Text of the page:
Employee Assistance Program
An EAP is a voluntary, confidential program that helps employees (including management) work through various life challenges that may adversely affect job performance, health, and personal well-being to optimize an organization’s success. EAP services include assessments, counseling, and referrals for additional services to employees with personal and/or work-related concerns, such as stress, financial issues, legal issues, family problems, office conflicts, and alcohol and substance use disorders. EAPs also often work with management and supervisors providing advanced planning for situations, such as organizational changes, legal considerations, emergency planning, and response to unique traumatic events.
History of EAPs
EAPs have a long history in the United States, tracing back to the 1940s. They originally began as occupational alcohol programs to address the negative impact that the misuse of alcohol has on productivity and organizational performance. The focus of these programs expanded as organizations recognized that alcohol was not the only issue affecting employees at work. Current EAPs address a wide range of issues, such as workplace conflicts, family matters, financial challenges, mental health, and so on. In the 1970s, EAP-related legislation began to be passed on EAP laws, regulations, and Government wide initiatives. Another significant change to the EAP field in the 1970s was the formation of private EAP firms. These organizations began to offer EAP services via contracts to employers.
Business Case for EAPs
EAPs can reap benefits for agencies, employees, families, and communities by:
- Improving productivity and employee engagement;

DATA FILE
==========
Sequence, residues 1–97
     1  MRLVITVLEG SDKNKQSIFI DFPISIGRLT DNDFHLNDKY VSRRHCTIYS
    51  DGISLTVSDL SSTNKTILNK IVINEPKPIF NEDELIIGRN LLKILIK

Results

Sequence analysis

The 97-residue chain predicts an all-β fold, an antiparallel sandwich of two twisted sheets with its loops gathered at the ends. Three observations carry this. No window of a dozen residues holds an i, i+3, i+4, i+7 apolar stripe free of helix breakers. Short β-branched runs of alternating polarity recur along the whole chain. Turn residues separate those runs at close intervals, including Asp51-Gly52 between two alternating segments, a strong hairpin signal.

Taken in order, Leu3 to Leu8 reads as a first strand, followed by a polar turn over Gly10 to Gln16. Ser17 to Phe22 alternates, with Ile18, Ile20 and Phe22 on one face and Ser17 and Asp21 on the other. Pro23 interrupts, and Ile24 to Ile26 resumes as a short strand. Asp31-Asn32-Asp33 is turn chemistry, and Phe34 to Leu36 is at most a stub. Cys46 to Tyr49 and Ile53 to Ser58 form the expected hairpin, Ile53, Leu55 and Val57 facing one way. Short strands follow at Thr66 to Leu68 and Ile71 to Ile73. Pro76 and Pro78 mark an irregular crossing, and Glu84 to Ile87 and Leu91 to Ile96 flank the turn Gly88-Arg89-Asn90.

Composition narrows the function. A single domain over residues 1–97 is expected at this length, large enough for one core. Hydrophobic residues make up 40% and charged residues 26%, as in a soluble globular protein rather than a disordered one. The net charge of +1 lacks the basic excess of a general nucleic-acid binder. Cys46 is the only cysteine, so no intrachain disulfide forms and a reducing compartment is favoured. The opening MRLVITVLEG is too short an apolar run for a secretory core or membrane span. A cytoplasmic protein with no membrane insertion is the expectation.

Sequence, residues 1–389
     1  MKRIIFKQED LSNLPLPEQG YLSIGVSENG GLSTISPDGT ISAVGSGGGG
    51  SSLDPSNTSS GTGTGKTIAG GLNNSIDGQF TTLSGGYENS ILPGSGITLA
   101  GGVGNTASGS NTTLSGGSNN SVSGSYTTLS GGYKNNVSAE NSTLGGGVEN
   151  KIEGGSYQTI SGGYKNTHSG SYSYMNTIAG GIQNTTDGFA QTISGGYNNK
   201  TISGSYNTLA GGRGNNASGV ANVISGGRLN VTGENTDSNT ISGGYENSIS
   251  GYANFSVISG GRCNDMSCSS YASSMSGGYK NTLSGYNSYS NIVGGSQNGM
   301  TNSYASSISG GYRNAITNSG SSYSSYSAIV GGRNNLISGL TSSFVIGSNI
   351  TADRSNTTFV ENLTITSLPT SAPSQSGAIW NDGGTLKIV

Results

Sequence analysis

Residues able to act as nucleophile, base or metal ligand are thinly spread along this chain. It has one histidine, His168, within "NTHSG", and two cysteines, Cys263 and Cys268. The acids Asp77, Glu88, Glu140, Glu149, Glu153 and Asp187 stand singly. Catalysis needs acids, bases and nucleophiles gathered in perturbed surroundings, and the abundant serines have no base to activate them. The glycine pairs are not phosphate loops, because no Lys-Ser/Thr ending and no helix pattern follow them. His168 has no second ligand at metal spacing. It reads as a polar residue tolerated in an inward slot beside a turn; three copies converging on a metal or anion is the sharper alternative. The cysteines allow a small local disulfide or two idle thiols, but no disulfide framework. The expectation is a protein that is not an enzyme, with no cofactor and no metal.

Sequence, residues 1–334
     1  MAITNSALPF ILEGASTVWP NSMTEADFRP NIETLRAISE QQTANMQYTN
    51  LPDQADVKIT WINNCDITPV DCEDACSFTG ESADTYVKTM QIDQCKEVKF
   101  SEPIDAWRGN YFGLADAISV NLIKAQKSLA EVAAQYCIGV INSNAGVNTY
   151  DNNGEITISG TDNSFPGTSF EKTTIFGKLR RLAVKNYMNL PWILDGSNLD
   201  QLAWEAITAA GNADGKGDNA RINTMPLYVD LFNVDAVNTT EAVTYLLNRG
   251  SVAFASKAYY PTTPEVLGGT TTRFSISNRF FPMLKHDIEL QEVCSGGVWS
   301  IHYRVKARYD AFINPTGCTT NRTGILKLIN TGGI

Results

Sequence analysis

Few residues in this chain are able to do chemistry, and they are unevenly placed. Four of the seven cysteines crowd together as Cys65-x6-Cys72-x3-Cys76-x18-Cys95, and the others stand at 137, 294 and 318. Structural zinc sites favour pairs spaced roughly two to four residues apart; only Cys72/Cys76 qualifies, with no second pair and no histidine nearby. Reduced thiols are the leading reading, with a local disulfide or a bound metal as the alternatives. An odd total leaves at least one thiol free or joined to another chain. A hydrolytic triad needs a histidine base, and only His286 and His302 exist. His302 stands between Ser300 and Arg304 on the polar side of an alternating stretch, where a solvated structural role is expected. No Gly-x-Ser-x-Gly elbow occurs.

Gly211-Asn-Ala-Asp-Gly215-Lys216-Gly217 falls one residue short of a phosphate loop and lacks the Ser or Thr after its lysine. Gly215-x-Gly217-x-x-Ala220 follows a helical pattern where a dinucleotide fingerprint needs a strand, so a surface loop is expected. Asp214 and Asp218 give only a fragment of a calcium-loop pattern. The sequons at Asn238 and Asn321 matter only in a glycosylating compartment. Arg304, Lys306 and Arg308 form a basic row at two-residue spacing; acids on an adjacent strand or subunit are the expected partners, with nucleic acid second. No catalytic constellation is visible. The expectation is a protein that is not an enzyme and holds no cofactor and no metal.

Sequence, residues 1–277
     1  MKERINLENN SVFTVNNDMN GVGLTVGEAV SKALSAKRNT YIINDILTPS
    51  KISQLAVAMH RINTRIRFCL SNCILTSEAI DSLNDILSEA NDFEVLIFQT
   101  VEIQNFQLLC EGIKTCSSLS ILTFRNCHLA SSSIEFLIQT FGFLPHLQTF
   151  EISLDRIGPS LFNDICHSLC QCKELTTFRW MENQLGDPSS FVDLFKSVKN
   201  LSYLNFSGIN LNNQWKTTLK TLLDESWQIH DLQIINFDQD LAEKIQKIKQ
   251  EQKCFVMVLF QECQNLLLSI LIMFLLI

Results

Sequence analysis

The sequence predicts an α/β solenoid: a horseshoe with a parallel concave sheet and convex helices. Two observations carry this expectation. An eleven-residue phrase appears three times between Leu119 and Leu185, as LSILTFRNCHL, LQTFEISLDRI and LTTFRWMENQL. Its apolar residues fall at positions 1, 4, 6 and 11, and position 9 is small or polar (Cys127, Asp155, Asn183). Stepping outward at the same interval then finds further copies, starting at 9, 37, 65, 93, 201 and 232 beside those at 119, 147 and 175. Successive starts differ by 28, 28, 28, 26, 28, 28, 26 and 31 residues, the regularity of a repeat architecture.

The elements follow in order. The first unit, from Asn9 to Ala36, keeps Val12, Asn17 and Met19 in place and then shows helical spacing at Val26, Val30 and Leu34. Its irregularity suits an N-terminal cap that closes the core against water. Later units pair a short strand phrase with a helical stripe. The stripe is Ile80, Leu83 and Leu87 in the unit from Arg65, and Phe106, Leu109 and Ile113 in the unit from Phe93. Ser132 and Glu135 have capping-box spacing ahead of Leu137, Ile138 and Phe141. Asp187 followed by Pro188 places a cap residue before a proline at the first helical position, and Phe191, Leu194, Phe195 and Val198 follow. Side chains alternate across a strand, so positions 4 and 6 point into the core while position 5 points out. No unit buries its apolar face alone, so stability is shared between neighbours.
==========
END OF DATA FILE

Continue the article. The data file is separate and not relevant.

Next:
- Improving employees’ and dependents’ abilities to successfully respond to challenges;
- Developing employee and manager competencies in managing workplace stress;
- Reducing workplace absenteeism and unplanned absences;
- Supporting employees and managers during workforce restructuring, reduction-in-forces, or other workforce change events;
- Reducing workplace accidents;
- Reducing the likelihood of workplace violence or other safety risks;
- Supporting disaster and emergency preparedness;
- Managing the effect of disruptive incidents, such as workplace, injury, or other crises;
- Facilitating safe, timely, and effective return-to-work for employees short-term and extended absences;
- Reducing healthcare costs associated with stress, depression, and other mental health issues; and
- Reducing employee turnover and related replacement costs
- The National Alliance on Mental Illness(https://www.nami.org/) is a grassroots mental health organization dedicated to building better lives for the millions of Americans affected by mental illness. It offers support, education, and advocacy opportunities for people living with a mental health condition and their families.
- The National Institute of Mental Health(https://www.nimh.nih.gov/) provides educational resources on all common mental health disorders and issues. It also features many articles in Spanish.
- The Depression and Bipolar Support Alliance(http://www.dbsalliance.org/) was created to help patients and their loved ones receive a wide range of information and support as they seek to gain a greater understanding of depression and bipolar disorder. The site’s content is reviewed by a member of their Scientific Advisory Board, as well as patients living with depression or bipolar disorder, to ensure the highest quality information.
- The Sidran Traumatic Stress Institute is a nonprofit organization that helps people who have witnessed or experienced traumatic situations. Their website offers many resources for treatment, support, self-help and recovery (https://www.sidran.org/).
- Initially founded in 1980, the Anxiety and Depression Association of America makes it their mission to further education and research for obsessive-compulsive disorder, anxiety, depression, and related disorders such as hoarding. Visit the https://adaa.org/ to learn more.